Create a decorator

Skip to end of metadata
Go to start of metadata

Redirection Notice

Icon

For more information on the decorator pattern, check out this Wikipedia article.

The Decorator design pattern is used to dynamically add additional behavior to an object. In addition, by using interfaces, a decorator can be used to unify types in a manner similar to multiple inheritance.

Let’s take an example – suppose you have two objects, called Bird and Lizard, that you want to put into a Decorator:

1

Get object interfaces with the extract interface refactoring

Since a decorator cannot be inheriting from both of these classes, we can use the Extract Interface in-place refactoring (Ctrl+Shift+R) for both of these objects to get their interfaces:

Calling this refactoring pops up a window asking us which members should appear in the interface:

After we do this for both our classes, we end up with the following code:

2
Declare a decorator class

With these interfaces, we can make a decorator. First, we declare a class called Dragon, indicating that it implements both IBird and ILizard:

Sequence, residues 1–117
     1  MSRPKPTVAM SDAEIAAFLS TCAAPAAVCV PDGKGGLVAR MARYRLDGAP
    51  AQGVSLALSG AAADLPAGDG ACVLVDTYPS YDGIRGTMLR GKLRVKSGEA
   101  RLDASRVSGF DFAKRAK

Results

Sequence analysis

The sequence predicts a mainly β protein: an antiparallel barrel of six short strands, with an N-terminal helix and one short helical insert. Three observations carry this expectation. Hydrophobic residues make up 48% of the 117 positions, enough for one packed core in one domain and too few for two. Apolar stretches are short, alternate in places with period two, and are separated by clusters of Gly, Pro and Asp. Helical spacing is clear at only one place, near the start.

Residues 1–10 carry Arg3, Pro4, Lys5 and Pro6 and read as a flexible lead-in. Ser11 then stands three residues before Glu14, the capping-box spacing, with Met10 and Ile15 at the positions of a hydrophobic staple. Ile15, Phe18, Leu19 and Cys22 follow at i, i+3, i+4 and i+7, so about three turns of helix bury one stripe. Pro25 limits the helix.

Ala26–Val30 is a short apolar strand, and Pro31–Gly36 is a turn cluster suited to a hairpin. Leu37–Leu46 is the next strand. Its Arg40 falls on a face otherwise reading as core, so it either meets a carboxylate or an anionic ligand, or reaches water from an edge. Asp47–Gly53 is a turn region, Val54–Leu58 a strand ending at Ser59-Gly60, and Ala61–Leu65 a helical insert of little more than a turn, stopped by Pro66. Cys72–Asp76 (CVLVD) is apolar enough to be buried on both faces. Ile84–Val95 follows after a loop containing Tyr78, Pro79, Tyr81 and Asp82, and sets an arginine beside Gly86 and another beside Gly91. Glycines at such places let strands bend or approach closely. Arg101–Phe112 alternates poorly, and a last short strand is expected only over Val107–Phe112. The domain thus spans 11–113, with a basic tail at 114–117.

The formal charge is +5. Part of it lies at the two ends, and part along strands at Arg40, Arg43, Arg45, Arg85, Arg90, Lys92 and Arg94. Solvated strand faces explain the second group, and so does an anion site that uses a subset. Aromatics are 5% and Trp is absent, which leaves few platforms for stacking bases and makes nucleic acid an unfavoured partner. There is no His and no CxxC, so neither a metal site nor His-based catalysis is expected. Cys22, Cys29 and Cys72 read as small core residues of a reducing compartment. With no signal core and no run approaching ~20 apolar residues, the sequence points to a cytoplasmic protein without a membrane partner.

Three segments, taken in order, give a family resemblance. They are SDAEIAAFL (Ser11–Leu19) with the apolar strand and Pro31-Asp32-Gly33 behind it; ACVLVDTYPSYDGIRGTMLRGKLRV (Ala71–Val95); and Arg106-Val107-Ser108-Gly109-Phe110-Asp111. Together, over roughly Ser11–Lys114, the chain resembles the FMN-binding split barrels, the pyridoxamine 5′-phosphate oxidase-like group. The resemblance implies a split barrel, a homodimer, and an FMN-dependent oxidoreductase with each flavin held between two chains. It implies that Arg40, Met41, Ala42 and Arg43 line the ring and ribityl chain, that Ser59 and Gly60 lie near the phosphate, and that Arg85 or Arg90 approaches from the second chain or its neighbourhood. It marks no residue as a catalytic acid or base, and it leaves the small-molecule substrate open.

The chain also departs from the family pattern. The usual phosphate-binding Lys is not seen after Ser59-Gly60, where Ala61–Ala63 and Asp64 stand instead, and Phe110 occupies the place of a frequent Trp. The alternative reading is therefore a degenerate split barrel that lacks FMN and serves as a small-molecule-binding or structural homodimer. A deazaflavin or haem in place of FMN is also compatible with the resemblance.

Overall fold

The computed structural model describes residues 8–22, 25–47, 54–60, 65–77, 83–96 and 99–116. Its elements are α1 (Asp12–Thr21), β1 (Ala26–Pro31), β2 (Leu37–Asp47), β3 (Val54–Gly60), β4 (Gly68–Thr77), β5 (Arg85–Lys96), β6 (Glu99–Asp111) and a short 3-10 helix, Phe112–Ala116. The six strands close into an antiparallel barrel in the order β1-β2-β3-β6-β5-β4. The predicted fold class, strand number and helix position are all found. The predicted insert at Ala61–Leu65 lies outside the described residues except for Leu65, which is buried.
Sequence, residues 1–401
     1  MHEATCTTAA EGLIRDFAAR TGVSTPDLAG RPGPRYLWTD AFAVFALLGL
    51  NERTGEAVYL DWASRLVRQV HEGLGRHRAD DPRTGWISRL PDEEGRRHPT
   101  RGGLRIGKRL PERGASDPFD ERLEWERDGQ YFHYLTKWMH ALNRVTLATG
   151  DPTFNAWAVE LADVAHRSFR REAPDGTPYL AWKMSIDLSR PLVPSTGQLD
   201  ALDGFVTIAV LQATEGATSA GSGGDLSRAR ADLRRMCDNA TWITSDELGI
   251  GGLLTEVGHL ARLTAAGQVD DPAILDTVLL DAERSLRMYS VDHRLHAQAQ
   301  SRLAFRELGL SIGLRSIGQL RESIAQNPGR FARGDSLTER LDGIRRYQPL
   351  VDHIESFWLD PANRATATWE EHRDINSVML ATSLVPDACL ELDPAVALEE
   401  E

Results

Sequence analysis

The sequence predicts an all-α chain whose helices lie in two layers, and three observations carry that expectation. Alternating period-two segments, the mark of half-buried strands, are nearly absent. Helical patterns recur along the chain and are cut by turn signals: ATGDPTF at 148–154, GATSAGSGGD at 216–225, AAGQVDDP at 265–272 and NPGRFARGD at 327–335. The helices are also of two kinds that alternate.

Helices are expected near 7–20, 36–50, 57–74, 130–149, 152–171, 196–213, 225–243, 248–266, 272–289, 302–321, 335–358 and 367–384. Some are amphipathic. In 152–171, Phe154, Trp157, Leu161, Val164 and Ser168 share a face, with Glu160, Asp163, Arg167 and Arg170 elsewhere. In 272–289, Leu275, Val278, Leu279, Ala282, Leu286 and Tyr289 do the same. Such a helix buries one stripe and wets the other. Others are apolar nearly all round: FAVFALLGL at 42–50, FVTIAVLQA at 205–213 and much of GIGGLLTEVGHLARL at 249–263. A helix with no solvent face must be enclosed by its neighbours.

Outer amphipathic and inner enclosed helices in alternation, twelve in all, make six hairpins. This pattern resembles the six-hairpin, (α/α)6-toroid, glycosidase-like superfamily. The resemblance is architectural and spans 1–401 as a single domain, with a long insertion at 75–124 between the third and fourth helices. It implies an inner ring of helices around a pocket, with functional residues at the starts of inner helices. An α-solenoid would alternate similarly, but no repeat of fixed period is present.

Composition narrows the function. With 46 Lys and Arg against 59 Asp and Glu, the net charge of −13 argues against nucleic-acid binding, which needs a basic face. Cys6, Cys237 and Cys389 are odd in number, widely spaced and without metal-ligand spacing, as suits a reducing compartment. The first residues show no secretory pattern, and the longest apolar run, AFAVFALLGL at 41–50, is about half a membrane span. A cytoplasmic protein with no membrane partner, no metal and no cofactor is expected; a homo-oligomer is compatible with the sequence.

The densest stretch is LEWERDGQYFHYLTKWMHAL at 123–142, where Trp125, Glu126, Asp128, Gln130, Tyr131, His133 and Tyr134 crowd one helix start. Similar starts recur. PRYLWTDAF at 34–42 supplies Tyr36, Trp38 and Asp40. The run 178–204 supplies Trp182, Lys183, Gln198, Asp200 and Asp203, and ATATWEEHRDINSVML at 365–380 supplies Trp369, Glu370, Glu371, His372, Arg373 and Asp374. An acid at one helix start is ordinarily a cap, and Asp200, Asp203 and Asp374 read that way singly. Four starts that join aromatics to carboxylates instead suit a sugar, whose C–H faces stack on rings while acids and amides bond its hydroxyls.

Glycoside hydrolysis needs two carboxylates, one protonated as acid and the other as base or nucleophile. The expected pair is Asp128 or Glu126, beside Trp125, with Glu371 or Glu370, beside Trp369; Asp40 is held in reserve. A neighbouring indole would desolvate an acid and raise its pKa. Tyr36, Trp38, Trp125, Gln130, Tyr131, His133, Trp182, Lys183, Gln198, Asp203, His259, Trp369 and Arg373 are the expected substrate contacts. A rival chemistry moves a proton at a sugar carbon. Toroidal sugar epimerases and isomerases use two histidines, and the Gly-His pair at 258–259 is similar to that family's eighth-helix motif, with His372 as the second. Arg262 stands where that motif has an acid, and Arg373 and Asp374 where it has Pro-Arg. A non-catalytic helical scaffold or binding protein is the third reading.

Now for the aggregated members. The easiest thing to do is to declare both of these as fields first, i.e.:

3
Use quick-fix to initialize unused fields

Now, we can use ReSharper to initialize both of these fields from constructor parameters:

After this, our class will look as follows:

4
Generate delegating members for source objects.

And now for the finishing touch – we want to generate delegating members for both bird and lizard. This is easy – we simply open the Generate menu and choose Delegating Members:

ReSharper then asks us which members we need to delegate:

And here is the end result:

That’s it! Our decorator is ready.

  • No labels